Saturday, March 30, 2013

The Awesome Island of Misfit Toys

Written for friends on FetLife, where it made it to "Kinky & Popluar", which meant a lot of people read it and commented and clicked "love" for it. It started some cool conversations. It was fun. 


At a public kinkster event yesterday, I had a thoughtful conversation with a couple of people about their social anxieties, and found out later that two people had chosen to leave the event due to anxieties. Each person's circumstances and triggers and other contributing factors were different, of course, but I've been mulling, so I thought I'd write.

Indulge me for a moment, and mentally roll the issue of kinkster gatherings and social anxieties WAY back in time to the moment when any of these people admitted to themselves they may be interested in attending a kinkster event in the first place. Who admits to themselves they have kinky desires, much less that they want to talk about them with others? People who consider themselves "normal" and strive for "normalcy" as if it were a good thing? Probably not.

(Side rant: in my fanatical-and-not-at-all-humble opinion on this matter, "normal" is a terrible thing to want to be... It represents the mathematically most commonly occurring state. Would you strive to be "average"? No? Then don't hope to be "normal" either, because they represent the same thing. I hope for "healthy", which isn't normal. Be healthy. Don't be normal. Normal isn't healthy, it's just common. End of rant. Maybe.)

So if your perspective on your life is already outside of the box marked "normal", because you've always been OCD or ADD or on the autism spectrum, or anxious, or unusually fascinated by leather, or overweight, or underweight, or a closet anorexic or bulimic or compulsive eater, or an abuse survivor, or attracted to people of your gender, or prone to acting like a kid even though you're an adult, or ... Or... Or... (Fill in anything not considered normal here), well, then you're potentially more open to follow your own "abnormal" desires and wonder if others have them too.

Summary so far: if you'll never be normal anyway, then the entire world of abnormal behavior kind of opens up as a possibility for you. Why not, right?

Result: Kinksters are likely to be people who had other reasons to consider themselves abnormal before they were kinksters.

Therefore, kinkster communities can sometimes feel like an Island of Misfit Toys.

And that's kinda awesome, in my opinion. I'll explain.

So yeah, maybe there's a higher-than-average occurrence of social anxieties even without play going on. Then when you add in play -- which we do because we really really crave something about it from a primal part of ourselves which isn't particularly rational to begin with -- the odds of people bumping into quirky, darker, rougher parts of each other go up even further.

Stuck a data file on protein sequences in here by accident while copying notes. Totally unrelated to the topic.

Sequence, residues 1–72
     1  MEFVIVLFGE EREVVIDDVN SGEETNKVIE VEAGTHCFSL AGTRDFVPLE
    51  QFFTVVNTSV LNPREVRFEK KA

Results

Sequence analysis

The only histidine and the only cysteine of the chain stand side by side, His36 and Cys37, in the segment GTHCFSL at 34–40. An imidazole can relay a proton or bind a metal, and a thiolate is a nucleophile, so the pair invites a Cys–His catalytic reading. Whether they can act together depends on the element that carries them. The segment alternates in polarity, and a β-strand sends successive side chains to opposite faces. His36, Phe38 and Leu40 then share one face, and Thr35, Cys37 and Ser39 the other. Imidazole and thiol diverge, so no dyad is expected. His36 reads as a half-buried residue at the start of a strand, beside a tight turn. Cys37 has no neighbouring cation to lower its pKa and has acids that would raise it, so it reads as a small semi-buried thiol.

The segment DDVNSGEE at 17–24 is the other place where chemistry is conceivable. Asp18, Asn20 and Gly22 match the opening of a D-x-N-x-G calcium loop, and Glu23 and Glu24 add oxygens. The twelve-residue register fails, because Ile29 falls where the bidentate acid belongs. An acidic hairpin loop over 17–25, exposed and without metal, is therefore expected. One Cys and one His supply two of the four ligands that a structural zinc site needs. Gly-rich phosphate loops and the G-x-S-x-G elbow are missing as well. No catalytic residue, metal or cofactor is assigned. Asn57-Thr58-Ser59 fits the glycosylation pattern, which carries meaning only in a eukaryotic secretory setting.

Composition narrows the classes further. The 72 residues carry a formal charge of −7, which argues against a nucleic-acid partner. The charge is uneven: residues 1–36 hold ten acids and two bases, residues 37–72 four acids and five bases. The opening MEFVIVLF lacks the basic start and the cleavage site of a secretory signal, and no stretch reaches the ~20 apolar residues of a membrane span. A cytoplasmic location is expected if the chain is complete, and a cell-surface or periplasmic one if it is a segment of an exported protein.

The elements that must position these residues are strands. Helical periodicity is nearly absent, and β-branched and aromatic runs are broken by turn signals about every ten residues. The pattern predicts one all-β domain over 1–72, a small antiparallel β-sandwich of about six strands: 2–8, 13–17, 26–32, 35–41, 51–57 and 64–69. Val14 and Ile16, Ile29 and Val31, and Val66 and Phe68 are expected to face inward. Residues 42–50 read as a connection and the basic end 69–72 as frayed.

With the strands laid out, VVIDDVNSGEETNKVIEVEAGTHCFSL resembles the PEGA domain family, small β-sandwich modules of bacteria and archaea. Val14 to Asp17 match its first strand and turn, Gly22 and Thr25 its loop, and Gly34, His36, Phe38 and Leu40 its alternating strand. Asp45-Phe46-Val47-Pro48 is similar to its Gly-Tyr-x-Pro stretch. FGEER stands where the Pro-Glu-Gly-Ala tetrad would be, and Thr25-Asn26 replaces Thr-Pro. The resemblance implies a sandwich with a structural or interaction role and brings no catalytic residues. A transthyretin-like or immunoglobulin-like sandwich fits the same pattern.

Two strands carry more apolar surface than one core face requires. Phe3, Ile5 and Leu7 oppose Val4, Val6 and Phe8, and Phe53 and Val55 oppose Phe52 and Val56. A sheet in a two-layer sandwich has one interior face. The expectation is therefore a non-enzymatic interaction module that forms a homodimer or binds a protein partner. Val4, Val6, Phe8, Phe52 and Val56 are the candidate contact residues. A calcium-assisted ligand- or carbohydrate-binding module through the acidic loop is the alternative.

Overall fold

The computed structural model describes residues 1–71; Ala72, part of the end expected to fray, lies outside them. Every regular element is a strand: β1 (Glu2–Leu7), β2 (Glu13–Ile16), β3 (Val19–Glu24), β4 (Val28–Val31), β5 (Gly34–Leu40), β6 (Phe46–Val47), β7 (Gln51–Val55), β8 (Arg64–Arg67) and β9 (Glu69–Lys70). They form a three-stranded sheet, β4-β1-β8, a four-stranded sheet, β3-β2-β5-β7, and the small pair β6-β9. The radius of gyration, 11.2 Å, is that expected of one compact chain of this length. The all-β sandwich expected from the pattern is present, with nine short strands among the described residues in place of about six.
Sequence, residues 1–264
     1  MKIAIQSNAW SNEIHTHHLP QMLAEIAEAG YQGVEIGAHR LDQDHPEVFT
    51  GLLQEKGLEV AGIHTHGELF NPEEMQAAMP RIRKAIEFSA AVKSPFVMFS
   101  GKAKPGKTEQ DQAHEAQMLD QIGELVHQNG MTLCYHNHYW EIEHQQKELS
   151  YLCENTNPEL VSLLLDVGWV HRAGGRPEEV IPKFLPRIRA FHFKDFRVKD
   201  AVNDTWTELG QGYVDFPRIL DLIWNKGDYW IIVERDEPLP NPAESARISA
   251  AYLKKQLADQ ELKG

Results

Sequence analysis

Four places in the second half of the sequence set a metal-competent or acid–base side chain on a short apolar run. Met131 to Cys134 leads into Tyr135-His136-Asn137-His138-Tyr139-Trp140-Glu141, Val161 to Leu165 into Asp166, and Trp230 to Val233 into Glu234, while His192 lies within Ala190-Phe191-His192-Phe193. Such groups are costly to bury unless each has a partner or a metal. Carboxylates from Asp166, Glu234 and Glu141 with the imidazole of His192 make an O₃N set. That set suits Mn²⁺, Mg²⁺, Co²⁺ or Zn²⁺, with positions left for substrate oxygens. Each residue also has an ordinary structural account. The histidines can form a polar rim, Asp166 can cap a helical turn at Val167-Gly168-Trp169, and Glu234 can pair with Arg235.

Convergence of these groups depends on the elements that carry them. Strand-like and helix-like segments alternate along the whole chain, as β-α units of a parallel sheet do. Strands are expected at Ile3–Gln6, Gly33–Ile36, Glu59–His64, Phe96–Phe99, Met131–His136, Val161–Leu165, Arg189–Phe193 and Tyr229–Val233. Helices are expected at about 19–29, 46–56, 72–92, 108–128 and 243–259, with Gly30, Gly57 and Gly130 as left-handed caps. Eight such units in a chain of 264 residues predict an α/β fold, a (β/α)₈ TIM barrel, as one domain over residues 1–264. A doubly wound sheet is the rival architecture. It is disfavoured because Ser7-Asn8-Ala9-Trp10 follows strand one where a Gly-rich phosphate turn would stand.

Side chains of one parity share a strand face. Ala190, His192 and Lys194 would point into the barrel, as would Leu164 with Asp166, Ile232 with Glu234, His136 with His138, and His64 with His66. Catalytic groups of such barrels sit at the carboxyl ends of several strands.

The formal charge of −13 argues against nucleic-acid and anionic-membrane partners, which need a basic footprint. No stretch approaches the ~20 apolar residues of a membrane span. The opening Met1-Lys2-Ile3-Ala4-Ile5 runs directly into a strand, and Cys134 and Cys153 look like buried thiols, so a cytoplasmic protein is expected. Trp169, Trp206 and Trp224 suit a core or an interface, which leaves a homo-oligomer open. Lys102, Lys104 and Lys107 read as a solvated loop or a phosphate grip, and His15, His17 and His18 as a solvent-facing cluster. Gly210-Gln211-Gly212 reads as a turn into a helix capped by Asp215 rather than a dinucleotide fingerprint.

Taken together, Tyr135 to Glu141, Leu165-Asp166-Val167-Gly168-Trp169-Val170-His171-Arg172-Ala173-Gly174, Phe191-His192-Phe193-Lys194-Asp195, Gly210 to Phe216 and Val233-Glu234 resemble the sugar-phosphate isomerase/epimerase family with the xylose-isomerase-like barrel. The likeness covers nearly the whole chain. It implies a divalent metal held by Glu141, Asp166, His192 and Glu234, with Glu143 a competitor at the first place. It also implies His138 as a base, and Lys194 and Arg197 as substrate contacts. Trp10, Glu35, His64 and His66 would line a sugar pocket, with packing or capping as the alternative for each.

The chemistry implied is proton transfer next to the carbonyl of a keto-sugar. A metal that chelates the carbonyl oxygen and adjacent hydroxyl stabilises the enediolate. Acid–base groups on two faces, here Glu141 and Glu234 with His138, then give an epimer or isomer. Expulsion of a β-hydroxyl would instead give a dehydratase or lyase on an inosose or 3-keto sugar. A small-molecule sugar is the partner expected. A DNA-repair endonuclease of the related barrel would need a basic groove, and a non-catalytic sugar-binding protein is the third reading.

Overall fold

So someone gets overloaded and has to walk out without saying goodbye. Good for them for taking responsibility for their struggles, and not barfing their challenges all over a group of people gathered for a different purpose. I vote we applaud that choice as a mark of maturity and respect for consensual interactions.

So someone negotiates a scene, but freezes up before/during/after, or has a flash of strong emotions (this is assuming everything stayed within negotiated boundaries, and the emotion is expressed in a way that's not blaming or malicious). Good for them for getting far enough to hit a wall, and good for them for learning something new about themselves. It probably took a metric ton of courage to even try whatever it was in the first place.

But these quirks, these bumps, these flashes of fear or anxiety with all these people already starting outside the normal box, you know what it gives us? The real possibility of connecting with each other in ways which are emotionally honest, deeply encouraging, and affirming down to the core of our self-images.

I think when people talk about the sex / play / kink they like, they can often end up sharing views on spirituality, family histories, emotional struggles... The stuff you talk about with your very best friends, the stuff that matters most.

And when people actually share the experiences of kink / play / sex together, it can invite others into places in ourselves that feel really honest and pure and true, and knowing that someone saw that inside of me and still likes me, and even thanked me afterward... It can be healing on a visceral level that's hard to replicate other ways. At least for me.

So then, all of a sudden, less than a year after moving somewhere where you didn't know anybody at all and you feared you'd never make friends here, you find yourself on an island so full of other awesome misfit toys who are really amazing friends that you wonder why anyone ever wants to find friends from anywhere else. Because the toys here may be missing parts, but they are unbelievably awesome to play with.


I love you guys.

No comments:

Post a Comment